- Over Under
- Black Magick Boogieland
- Bewildered Eyes
- The Fever
- Golden Fields of Love
- Sialx Eyed
- Dead Man's Bones
- Supernatural Predator
Release Date: May 19, 2015
Label: Tee Pee Records
Once upon a time, it was said that if you couldn’t find a partner you should grab a wooden chair. At the time, the swinging of hips to a beat was a thing of the Devil – not necessarily someone that everybody was down with. A wooden chair was therefore areal substitute. In 2015, however, it seems that more and more people are down with the Devil, so there’s more often a partner around to dance with than a wooden chair. Death Alley plays to that on their debut, an album that is so infectious that people from far and wide will be lining up to get down. This is their gift to you. The chicks will dig their 70’s swagger, the dudes their 80’s punk, and their modern classicism speaks to the masses. So come along and let us take a dive into their Tee Pee debut, “Black Magick Boogieland.”
What springs to mind the most in each of these eight songs – which fit neatly onto Halloween-orange vinyl – is how busy the guitars are. Death Alley riffs, sure, but the moments of restless picking bring to mind our bearded friends in ZZ Top. But rather than raising the temperatures by slowing things down to bring bodies closer together, drummer Ming Boyer sits in the back, shaking out an electric shuffle, sending shock waves through the floor and up through the feet of those who came to boogie. Album opener “Over Under” is a prime example of this, but its showcased best in the title track. Here, Boyer fills out every empty space and challenges guitarist Oeds Beydals to keep up with his fills, rather than the other way around. There’s a sleazy guitar solo that leaves as fast as it came in – after all, Beydals is running behind Boyer – but the roles reverse within the second guitar solo, a moment that shines a light on the band’s lack of pretence.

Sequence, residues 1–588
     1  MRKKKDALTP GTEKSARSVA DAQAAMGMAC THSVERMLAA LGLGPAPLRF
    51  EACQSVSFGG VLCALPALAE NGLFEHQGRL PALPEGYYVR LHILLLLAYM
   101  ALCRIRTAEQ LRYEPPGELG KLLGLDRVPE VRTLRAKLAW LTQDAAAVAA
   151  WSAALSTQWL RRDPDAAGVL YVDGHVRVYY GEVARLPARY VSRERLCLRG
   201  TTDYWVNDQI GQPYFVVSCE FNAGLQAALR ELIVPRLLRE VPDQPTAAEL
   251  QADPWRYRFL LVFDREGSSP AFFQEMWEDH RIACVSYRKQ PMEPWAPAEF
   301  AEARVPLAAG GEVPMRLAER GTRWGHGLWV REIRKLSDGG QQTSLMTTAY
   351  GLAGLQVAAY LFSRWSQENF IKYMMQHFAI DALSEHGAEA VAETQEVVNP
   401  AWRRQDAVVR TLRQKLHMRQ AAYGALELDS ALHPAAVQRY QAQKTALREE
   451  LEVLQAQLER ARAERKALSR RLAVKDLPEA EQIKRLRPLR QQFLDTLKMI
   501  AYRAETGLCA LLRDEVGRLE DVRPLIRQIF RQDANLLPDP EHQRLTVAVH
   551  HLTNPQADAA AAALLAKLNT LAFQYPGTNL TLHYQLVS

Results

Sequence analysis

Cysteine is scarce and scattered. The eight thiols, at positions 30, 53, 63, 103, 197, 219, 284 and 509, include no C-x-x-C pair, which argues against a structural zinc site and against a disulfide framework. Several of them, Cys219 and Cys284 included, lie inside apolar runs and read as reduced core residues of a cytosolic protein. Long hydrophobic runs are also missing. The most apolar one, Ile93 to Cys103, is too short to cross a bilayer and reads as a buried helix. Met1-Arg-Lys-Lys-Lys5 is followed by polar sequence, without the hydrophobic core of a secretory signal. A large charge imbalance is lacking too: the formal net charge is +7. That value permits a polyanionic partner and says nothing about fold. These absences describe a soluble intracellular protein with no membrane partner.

If you’re more into the riff side of things, there’s plenty of that, too. “Bewildered Eyes,” for example, is in mind, body, and soul a riff-driven gas guzzler that brings to mind some of our SoCal friends. It’s two and a half minute run time is a tip of the hat to Death Alley’s punk rock guilt, which pops up again in the follow up, “The Fever,” which would have played out just as well had it been The Hellacopters’s swan song. “Golden Fields of Love,” despite its tendency to flirt with ballad-territory, will leave your fingers sticky if you touch it, and had the jam at the end of the song been a person, it would be clad in a sleeveless denim jacket covered in Thin Lizzy patches and the like. It may not be the album’s highlight, but it’s certainly a fancy way to close out Side A.
Side B is home to “Black Magick Boogieland’s” longer cuts. “Stalk Eyed” comes by with more of that ZZ Top shuffle coupled with twin guitars. After a tasty interlude, the intensity gets taken down a notch as the band falls into a chant-like mantra. Then “Dead Man’s Bones” flies around the corner, screeching tires and all, and joins in on the festivities. Despite its four minute sprint, it’s more punk than anything – in speed, not sound levels – and again, the guitars wildly battle the drums for a place in the sun.
Perhaps when you read that “Black Magick Boogieland” only had eight songs – of which two have so far been labeled as short – you might have been disappointed. But fear not, the album’s closer, “Supernatural Predator,” does its damnedest to reach the thirteen minute mark and even features a guest vocalist in the form of Farida Lamouchi. This tune’s length straight up makes it the album’s stand-out track, because it provides the band ample opportunity to show off their chops. There are riffs the size of continents flying by; the vocals take full advantage of their role, and the band gels, jams, and jives. “Supernatural Predator” finishes off the album out on a high note. - Victor Van Ommen (The Sludgelord http://thesludgelord.blogspot.com/2015/06/death-alley-black-magick-boogieland.html)